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How to Speak on Reproductive Justice
I recently attended a workshop hosted by Planned Parenthood of the Heartland on how to speak about reproductive justice as an advocate. The first part of that workshop focused on what exactly constitutes reproductive justice and that it’s so much more than the availability of abortions. The second part was actually talking about abortion. The workshop is based on the information gathered by Planned Parenthood in a study that took several years on attitudes towards abortion and how language affects it. Following the layout of the workshop, the first part of this post will cover various aspects of reproductive justice and the second will cover how to speak on reproductive justice.
What is included under the term “Reproductive Justice”?
- Safe and legal abortions available to all who need
- Affordable and available birth control and contraceptive options
- Affordable and available health care (pap smears, mammograms etc.)
- Affordable and Available resources to help under-privileged families
- No forced sterilizations
- Comprehensive sex education
- Affordable and Available sterilization options
- Adoption regulations (no child taken from healthy family, no child without a home)
- Adoption options available for any who want to adopt
- No genital mutilation
- Affordable and available transition options for Trans* folk
- No forced pregnancy or forced abortion
- And much more
It’s important that we look at the intersections of oppression. All oppressed groups based on race, orientation, gender identity, intersex conditions, ability, financial status, designated sex are oppressed in this category and we need to look at how their general oppression affects this. It’s important we look at the underlining cause of these reproductive oppressions, which is racism, sexism, cisexism, heterosexism, and many more. Certain racial, orientation, gender identity, ability, and intersex conditions are sterilized against their will. Health options are limited for people of certain financial status, ability, condition, orientation, or gender identity. Comprehensive sex education is even more difficult to find when you’re not straight, cis gender, dyadic, able-bodied, and neurotypical. People of certain orientations or gender identities may be unable to adopt. Children of certain abilities, races, gender identity, or orientation may be more unlikely to be adopted. Many children of different races are taken away from their countries, communities, and loving families in amoral adoption practices. This occurs even today in the United States, with Native American children being taken away from their families and adopted off to white adults.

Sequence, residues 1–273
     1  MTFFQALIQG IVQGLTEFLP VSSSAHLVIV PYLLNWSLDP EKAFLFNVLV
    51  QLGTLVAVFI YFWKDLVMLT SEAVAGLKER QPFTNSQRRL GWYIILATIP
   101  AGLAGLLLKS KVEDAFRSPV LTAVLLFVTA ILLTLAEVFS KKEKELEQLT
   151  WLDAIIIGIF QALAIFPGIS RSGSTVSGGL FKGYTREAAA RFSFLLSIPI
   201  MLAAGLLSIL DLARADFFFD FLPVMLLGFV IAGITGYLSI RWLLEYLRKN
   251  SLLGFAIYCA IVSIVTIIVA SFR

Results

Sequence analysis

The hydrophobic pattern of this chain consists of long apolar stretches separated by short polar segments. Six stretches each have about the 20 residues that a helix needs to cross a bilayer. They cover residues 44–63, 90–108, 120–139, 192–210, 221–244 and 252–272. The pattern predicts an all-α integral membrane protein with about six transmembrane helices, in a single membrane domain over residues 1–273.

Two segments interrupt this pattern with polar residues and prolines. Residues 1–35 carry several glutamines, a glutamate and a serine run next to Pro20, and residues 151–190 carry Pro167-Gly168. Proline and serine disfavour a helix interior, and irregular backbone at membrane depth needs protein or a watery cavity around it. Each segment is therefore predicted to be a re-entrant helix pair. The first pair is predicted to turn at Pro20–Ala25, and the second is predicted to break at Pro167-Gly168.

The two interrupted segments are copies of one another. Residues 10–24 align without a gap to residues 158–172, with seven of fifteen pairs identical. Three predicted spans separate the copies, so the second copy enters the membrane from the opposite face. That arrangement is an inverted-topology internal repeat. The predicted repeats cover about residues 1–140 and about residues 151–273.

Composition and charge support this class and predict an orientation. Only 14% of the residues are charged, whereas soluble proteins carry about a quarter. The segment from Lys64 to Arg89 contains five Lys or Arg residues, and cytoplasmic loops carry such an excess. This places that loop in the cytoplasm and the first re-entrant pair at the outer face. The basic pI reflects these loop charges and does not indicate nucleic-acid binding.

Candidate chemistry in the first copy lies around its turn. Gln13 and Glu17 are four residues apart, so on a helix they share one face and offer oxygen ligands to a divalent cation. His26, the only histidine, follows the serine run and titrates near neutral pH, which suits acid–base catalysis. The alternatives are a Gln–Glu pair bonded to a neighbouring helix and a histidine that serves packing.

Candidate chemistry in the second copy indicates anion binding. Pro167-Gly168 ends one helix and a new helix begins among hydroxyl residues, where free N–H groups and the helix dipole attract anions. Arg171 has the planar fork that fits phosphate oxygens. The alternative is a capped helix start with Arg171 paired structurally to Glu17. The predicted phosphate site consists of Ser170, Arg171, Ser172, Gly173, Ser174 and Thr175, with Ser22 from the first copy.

Try to think of other ways that someone may be oppressed as it relates to reproductive health.
How to speak on Reproductive Justice
The Planned Parenthood website Not In Her Shoes, although gendering and not inclusive to trans* people is a good resource to check out what information and statistics they have gathered in their studies.
It starts with the words “Pro-Choice” and “Pro-Life”. I have definitely seen in my discussion on reproductive justice and the abortion issue that many people I would identify as pro-choice, those who support keeping abortion legal, don’t identify as such and this can create problems. Instead of sticking to these outdated (and in the case of pro-life, plain incorrect) labels that cause people to have an immediate negative response, Planned Parenthood suggests that we say we are pro reproductive justice, and that we want abortions to be legal and safe. The number of people who say abortion should remain legal and safe are much higher than those who would identify as pro-choice, by changing our language we open up our community to more people and gather more supporters. Two Thirds of American Voters want abortion to remain legal, whereas nearly one third of voters do not identify as either pro-choice or pro-life. By using this language we are excluding one third of our supporters.